echo "generating clientCert for [ $CLIENTNAME ($SANFORIOSCLIENT for iOS) ]..."
  ipsec pki --gen --outform pem > clientKey.pem
  ipsec pki --pub --in clientKey.pem | ipsec pki --issue --lifetime 3652 --cacert caCert.pem --cakey caKey.pem --dn "C=$COUNTRYNAME, O=$ORGNAME, CN=$CLIENTNAME" --san="$CLIENTNAME" --san="$SANFORIOSCLIENT" --outform pem > clientCert.pem  #--san="$CLIENTNAME@$SERVERDOMAINNAME"
  openssl x509 -inform PEM -outform DER -in clientCert.pem -out clientCert.crt
  echo "Now building Client keys bundle, choose a secure password known by Client ONLY (this password will only be required to install certificate and key, not for IPsec authentication)"
  openssl pkcs12 -export -inkey clientKey.pem -in clientCert.pem -name "$CLIENTNAME" -certfile caCert.pem -caname "$CANAME" -out client.p12
  openssl x509 -inform PEM -outform DER -in clientCert.pem -out clientCert.crt
# where to put them
cp caCert.pem /etc/ipsec.d/cacerts/
echo "copy ca.p12 /somewhere/safe/on/your/pc (includes caCert and caKey, needed to generate more certs for more clients)"
cp serverCert*.pem /etc/ipsec.d/certs/
cp serverKey*.pem /etc/ipsec.d/private/ # keep on your router only, delete and regenerate a fresh one if router gets compromised
cp clientCert.pem /etc/ipsec.d/certs/ # not needed if you authenticate via righca instead of rightcert
echo "copy client.p12 /somewhere/safe/on/your/clients"
echo "copy caCert.crt and clientCert.crt to /somewhere/safe/on/your/clients for Android clients"

Now install client.p12 on the clients. Note that caCert has been included already in the client.p12 if you used the above commands. If the client platform requires you to install the CA certificate separately, extract that cert from client.p12 or use the caCert.crt file, then install it.


Add the following to your firewall configuration. You can use Luci for this.

config rule 'ipsec_esp'
	option src 'wan'
	option name 'IPSec ESP'
	option proto 'esp'
	option target 'ACCEPT'
config rule 'ipsec_ike'
	option src 'wan'
	option name 'IPSec IKE'
	option proto 'udp'
	option dest_port '500'
	option target 'ACCEPT'
config rule 'ipsec_nat_traversal'
	option src 'wan'
	option name 'IPSec NAT-T'
	option proto 'udp'
	option dest_port '4500'
	option target 'ACCEPT'
config rule 'ipsec_auth_header'
	option src 'wan'
	option name 'Auth Header'
	option proto 'ah'
	option target 'ACCEPT'

Explanation: Basically you're opening up the ports/protocols on the WAN zone that strongswan needs to accept traffic from a client. You can also create a custom zone called “VPN” if you want to get fancy.

You will also need additional rules in /etc/firewall.user. Note that strongswan mentions the leftfirewall=yes setting in ipsec.conf which used to add the iptables entries using the _updown script in /usr/libexec/ipsec/_updown but this has been deprecated and doesn't do anything.


iptables -I INPUT  -m policy --dir in --pol ipsec --proto esp -j ACCEPT
iptables -I FORWARD  -m policy --dir in --pol ipsec --proto esp -j ACCEPT
iptables -I FORWARD  -m policy --dir out --pol ipsec --proto esp -j ACCEPT
iptables -I OUTPUT   -m policy --dir out --pol ipsec --proto esp -j ACCEPT
iptables -t nat -I POSTROUTING -m policy --pol ipsec --dir out -j ACCEPT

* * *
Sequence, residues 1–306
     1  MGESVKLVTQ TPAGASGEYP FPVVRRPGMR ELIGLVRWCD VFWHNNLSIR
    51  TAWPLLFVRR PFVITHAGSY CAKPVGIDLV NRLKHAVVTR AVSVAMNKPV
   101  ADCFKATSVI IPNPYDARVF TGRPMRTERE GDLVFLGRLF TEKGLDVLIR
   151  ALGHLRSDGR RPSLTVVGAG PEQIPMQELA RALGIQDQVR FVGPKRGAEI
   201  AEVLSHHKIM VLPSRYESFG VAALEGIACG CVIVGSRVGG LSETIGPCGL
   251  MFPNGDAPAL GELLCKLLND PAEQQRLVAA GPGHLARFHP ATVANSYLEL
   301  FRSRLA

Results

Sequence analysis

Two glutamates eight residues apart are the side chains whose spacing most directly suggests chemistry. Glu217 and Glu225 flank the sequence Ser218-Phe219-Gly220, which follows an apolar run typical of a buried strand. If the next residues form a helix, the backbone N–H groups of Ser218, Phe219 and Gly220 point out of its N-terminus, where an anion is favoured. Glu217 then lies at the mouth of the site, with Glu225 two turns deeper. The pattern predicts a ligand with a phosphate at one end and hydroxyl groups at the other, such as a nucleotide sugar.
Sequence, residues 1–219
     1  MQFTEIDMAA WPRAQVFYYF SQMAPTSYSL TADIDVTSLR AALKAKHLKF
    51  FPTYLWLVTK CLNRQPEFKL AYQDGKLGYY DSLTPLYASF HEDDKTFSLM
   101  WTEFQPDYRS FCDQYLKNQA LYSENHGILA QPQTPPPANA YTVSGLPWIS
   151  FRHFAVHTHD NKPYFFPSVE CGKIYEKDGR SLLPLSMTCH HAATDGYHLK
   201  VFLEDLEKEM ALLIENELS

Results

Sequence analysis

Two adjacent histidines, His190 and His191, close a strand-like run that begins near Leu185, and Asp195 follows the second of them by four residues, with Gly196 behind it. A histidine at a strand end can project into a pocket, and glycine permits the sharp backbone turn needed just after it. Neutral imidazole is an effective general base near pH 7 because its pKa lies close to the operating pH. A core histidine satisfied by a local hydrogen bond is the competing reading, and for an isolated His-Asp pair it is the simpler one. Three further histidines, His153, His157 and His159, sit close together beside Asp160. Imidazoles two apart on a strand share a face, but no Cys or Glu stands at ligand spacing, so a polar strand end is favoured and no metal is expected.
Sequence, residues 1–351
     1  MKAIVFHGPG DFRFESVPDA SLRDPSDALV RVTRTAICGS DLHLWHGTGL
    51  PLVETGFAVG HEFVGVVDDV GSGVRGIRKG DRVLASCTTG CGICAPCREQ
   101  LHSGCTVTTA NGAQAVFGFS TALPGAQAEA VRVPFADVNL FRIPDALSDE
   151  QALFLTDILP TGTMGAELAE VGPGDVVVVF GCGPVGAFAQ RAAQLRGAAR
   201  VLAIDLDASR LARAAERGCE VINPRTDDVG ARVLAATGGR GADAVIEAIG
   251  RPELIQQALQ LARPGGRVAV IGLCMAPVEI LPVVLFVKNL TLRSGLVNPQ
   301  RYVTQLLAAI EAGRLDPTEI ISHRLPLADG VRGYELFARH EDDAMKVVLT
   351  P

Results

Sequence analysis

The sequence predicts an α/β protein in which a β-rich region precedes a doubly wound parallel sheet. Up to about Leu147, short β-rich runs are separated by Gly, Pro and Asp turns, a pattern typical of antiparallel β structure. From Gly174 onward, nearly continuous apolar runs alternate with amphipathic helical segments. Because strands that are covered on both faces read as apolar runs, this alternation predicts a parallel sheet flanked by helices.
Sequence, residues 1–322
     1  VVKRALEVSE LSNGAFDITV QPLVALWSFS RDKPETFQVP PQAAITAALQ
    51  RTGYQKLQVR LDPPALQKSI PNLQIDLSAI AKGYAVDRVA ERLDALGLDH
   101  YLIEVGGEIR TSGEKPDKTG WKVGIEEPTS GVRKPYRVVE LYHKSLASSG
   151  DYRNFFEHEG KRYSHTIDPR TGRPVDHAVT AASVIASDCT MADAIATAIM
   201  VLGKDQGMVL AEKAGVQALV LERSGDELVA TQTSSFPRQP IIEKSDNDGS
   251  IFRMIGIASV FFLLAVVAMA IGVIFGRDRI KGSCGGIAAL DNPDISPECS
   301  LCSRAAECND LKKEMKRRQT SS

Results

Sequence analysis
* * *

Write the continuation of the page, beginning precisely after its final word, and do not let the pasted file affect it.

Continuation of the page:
Explanation: You're accepting INPUT, FORWARD(in/out) and OUTPUT traffic originated from and directed to clients matching an IPsec policy. The last rule exempts traffic that matches an IPsec policy from being NAT-ed before tunneling. You wouldn't be able to reach or ping roadwarrior clients without this last rule.

You'll need to setup NAT (or SNAT) for your vpn clients to be able to access internet if you are running on a typical openwrt router which is NATing.


something like:

iptables -t nat -I POSTROUTING -s -o pppoe-wan -j MASQUERADE


For testing, I used a Blackberry Z10 with NATIVE Ikev2 support (LOVE your Blackberry), an android phone with the StrongSwan Client, Windows 7 and 10 machines using native IKEv2, and a Blackberry DTek running Android with Dtek.

You can email client.p12 (and caCert, if needed) to the mobile clients.

For BlackBerry Clients

as PUBKEY roadwarriors

BlackBerry allows you to specify Perfect Forward Secrecy. You will want/need this. This should be standard. If you have problems, try adding the following lines to the ipsec.conf file in the conn roadwarriorPUBKEY section:


What this does is specify what cipher suites to use, including the Diffie Hellman Groups; you can read about these settings in the strongswan IKEv2 cipher suite documentation. Previously (before Strongswan 5.x), you'd use the pfs=yes statement. This has been deprecated.

Import your certificates into the Berry first, then add a VPN profile with the following settings:

  • Your gateway type will be “Generic IKEv2 VPN Server”,
  • Authentication Type = PKI,
  • Authentication ID Type= Identity Certificate Distinguished Name
  • Client Certificate = The name of your client cert (“myvpnclient” in the above example)
  • Gateway Auth Type = PKI
  • Gateway Auth ID Type = Identify Certificate Distinguished Name
  • Gateway CA Certificate = your server Certificate name (“xxxx” in the above example)
  • Perfect Forward Secrecy = On (VERY IMPORTANT)
  • Automatically determine IP = ON
  • Automatically determine DNS = ON
  • Automatically determine algorithm = ON

The rest can be left to defaults.

If you receive Authentication Error you can try to use distuingished name (DN) of your server's certificate instead of the FQDN for the leftid property. It is “C=US, O=yyy,” in the example above, but you can find out yours using the command below and looking for the “Subject” field

openssl x509 -in /etc/ipsec.d/certs/serverCert.pem -text -noout

For Windows 7+ Clients

You'll need “ike=aes256-aes128-sha256-sha1-modp3072-modp2048-modp1024” in ipsec.conf for windows clients to connect.

as PUBKEY roadwarriors

You will need administrative rights to setup this kind of VPN connection. Only traditional desktop editions are supported.

In windows, import your client and CA certificates into Local Machine storage, not Current User. If you followed this tutorial the CA certificate is already in bundle with the client cert into the client.p12 package, just take care of importing, again, into Local Machine and keep selected the option to automatically choose appropriate certificate store. At the end of the import you should have the CA into “Trusted Root Certification Authorities\Certificates” store and the client cert into “My\Certificates” store.